I think part of the reason that tech leaders tend to be cynical is because we’re wired to see problems. Normally, we see a problem, and fix the problem. However, often the problems we see lie outside of our area of responsibility. When we see problems with church leadership, how our buildings are laid out and maintained, how our pastor teaches or worship leaders lead, there isn’t a lot we can do. So, we become cynical. After a while, we become the grumpy tech guy.

However, Ian challenged us to be cynical about our cynicism. 

Rather than being cynical about what we see, we should instead be prophets. The reality is, most of the time, the things we see as being wrong, broken or simply a problem, really are wrong, broken or a problem. And we have a choice; complain and be cynical or become a prophet that helps come up with solutions.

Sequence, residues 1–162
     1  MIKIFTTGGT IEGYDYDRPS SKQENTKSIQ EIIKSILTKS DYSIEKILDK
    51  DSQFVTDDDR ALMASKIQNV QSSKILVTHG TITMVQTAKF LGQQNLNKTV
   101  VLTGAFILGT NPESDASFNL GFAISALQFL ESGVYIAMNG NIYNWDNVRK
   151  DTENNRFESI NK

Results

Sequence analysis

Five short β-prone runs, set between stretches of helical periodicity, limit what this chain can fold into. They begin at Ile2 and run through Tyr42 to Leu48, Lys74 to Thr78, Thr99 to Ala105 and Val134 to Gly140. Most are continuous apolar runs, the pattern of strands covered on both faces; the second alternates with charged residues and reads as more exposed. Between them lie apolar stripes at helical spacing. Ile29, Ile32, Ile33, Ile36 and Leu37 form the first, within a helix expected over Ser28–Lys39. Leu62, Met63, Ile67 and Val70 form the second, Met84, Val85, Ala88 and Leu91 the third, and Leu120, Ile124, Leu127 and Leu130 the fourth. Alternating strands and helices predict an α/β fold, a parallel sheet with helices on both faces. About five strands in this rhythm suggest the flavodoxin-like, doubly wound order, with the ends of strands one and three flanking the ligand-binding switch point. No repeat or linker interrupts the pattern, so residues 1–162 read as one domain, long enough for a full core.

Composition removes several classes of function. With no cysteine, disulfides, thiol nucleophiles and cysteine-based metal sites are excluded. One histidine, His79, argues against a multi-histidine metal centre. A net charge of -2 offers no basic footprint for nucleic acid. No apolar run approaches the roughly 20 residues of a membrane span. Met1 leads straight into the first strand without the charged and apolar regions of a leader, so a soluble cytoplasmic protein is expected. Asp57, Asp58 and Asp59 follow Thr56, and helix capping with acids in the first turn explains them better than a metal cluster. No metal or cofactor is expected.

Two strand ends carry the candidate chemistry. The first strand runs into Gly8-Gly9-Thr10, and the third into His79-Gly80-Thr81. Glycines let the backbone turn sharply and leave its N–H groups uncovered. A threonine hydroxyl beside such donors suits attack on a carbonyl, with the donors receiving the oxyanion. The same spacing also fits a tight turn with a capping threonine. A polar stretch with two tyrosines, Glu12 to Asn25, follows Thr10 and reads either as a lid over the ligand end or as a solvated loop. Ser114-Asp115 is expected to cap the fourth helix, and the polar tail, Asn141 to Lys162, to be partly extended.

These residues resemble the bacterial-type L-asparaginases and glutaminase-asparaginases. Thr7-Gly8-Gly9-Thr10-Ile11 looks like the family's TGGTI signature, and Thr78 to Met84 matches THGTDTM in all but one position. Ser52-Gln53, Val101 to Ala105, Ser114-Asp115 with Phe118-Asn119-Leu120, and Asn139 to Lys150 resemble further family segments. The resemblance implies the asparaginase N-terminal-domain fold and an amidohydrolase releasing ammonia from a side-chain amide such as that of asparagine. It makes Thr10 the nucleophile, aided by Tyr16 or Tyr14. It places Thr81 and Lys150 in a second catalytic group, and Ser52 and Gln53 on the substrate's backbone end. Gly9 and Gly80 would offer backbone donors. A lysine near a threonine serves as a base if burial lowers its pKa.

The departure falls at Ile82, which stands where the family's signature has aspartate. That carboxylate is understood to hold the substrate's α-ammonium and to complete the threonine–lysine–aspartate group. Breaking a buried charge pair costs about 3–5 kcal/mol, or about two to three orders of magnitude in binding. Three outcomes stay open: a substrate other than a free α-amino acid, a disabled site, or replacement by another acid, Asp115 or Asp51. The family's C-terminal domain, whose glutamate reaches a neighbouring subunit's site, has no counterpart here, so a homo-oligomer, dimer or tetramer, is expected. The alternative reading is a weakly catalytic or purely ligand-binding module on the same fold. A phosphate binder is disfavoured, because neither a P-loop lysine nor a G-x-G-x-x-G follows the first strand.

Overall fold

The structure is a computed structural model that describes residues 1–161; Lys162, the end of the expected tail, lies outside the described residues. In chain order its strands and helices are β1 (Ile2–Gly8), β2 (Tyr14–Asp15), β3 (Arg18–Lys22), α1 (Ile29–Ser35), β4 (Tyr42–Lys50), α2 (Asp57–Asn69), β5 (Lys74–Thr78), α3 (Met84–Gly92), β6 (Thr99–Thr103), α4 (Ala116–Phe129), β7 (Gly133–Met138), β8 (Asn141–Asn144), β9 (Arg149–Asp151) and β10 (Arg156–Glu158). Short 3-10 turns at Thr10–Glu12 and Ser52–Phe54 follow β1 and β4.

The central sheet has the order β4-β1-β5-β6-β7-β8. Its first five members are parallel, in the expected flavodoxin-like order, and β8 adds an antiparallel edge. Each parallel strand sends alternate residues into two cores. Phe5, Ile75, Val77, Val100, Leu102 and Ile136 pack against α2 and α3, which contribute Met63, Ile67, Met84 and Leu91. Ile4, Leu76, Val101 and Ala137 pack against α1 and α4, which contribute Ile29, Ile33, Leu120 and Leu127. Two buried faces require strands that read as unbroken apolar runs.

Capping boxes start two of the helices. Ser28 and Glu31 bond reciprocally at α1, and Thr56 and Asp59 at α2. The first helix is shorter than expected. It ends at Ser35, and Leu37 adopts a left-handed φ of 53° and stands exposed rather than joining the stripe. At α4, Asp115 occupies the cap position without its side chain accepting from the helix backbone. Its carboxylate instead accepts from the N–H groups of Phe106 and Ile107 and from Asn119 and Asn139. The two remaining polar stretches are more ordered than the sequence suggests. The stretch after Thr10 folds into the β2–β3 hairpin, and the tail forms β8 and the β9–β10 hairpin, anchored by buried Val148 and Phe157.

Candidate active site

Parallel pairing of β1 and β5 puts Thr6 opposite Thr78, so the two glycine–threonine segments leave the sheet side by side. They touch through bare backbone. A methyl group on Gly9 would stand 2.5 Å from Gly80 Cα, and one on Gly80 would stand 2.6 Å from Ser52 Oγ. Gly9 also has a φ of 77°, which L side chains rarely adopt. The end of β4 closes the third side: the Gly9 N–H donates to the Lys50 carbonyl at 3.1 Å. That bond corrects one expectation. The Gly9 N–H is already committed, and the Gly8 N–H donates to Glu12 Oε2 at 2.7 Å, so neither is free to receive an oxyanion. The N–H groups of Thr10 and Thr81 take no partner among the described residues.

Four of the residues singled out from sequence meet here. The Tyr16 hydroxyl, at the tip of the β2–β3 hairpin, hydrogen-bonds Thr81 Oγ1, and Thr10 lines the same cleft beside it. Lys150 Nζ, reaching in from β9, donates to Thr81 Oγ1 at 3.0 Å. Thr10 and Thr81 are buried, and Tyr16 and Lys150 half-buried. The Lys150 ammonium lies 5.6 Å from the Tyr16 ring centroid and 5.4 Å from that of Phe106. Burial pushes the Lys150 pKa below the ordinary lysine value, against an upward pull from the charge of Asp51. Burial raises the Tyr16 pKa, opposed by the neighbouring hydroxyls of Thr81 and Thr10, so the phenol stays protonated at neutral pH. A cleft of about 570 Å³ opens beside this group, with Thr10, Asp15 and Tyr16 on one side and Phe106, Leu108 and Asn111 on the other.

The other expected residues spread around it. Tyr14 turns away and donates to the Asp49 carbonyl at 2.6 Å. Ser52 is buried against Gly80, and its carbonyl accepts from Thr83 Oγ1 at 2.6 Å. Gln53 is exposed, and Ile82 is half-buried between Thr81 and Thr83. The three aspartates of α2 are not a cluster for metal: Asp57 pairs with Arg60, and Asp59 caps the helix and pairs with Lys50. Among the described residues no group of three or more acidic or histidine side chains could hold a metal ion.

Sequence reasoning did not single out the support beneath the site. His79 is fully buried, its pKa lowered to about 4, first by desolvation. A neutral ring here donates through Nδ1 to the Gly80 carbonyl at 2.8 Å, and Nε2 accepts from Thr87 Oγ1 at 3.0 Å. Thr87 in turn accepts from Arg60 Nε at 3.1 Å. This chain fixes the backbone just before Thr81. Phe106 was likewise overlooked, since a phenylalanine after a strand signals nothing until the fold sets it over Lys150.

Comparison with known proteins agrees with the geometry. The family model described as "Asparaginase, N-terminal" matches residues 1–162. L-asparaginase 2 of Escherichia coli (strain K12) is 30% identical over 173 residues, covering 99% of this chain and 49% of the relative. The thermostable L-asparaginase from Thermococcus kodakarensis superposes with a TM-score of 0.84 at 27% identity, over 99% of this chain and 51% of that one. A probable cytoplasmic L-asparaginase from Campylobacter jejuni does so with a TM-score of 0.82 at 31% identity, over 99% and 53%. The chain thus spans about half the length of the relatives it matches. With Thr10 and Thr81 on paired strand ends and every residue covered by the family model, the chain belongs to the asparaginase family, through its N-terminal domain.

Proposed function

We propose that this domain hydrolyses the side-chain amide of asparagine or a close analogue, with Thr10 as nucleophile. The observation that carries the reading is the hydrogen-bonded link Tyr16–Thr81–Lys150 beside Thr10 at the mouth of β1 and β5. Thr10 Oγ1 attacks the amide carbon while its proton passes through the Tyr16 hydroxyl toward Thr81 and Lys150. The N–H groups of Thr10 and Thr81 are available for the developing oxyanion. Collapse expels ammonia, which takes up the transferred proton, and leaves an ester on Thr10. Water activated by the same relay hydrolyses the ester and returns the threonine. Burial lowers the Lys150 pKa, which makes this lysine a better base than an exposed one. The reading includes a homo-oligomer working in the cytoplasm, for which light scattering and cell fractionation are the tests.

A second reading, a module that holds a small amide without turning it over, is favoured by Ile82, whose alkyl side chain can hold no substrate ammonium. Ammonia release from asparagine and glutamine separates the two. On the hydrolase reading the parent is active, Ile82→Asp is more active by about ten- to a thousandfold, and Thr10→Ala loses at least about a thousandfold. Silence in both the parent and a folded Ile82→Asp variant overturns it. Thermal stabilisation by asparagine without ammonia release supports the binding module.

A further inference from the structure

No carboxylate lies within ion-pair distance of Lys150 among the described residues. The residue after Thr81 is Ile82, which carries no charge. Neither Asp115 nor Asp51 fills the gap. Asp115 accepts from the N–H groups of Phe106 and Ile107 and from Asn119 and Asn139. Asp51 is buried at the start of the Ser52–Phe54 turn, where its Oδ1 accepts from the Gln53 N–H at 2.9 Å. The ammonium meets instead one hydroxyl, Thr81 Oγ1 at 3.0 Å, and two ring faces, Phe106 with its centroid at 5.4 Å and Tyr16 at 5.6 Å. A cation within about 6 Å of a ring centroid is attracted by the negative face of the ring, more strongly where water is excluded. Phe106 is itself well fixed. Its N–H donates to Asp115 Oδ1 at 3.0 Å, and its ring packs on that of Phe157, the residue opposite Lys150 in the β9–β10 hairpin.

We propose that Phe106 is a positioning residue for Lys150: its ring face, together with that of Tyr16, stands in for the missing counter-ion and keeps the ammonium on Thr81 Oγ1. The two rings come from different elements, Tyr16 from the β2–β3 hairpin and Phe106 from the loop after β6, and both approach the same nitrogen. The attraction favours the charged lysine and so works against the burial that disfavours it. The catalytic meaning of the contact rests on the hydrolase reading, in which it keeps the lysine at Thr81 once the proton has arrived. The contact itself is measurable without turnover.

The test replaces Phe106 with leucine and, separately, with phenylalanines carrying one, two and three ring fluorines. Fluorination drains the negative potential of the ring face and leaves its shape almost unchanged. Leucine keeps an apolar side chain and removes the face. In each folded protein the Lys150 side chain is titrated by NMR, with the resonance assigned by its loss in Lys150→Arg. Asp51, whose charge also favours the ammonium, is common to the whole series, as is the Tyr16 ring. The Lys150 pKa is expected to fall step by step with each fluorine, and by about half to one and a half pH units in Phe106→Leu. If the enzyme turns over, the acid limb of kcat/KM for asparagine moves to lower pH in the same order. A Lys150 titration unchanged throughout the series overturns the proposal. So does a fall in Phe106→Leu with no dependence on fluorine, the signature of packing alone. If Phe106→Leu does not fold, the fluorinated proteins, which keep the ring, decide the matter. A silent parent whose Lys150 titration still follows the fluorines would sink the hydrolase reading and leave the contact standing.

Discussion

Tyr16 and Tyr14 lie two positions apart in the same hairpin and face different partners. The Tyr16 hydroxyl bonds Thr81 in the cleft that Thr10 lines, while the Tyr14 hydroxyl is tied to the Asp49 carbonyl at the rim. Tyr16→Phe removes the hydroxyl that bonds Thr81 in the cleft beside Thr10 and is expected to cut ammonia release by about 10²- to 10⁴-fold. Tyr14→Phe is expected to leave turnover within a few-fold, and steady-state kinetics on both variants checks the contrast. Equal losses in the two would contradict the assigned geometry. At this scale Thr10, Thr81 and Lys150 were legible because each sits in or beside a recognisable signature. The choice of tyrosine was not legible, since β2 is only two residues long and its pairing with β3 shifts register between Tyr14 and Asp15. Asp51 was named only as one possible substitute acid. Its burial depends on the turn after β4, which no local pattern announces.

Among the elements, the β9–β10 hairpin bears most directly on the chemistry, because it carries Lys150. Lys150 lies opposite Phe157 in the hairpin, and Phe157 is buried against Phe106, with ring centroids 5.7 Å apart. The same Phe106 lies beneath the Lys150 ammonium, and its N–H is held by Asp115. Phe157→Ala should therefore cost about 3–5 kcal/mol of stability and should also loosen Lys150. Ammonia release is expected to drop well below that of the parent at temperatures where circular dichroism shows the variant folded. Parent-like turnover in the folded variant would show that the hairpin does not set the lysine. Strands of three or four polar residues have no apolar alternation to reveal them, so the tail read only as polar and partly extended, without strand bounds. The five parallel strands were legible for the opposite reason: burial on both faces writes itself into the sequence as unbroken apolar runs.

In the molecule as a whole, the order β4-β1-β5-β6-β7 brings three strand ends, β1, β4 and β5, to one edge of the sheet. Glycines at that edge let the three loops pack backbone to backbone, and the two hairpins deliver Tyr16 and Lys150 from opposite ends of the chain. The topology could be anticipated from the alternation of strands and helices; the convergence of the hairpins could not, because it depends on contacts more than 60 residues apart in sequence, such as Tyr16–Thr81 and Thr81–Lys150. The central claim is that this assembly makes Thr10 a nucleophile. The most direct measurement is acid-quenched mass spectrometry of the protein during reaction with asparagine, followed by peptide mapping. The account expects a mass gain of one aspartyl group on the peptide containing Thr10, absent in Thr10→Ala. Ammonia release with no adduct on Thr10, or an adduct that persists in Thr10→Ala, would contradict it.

Near the end, he reminded us that when it comes to great revolutions, it aways starts with the artists. In fact, in other countries, when a revolution comes about, they always round up the artists first. We have a great opportunity to help shape the new future of the church. He also pointed out that prophets also loose their jobs. But I think I’d rather go down trying to make a difference instead of simply grumbling about all those problems. 

I’m not sure exactly how to live this out, but I’m willing to give it a shot. Perhaps we can hold each other accountable. What do you think?

UPDATE: After I posted this article, my friend Stephen Proctor wrote a similar summary of this challenging message. I suggest you stop on by his blog to read it. Good stuff! END UPDATE.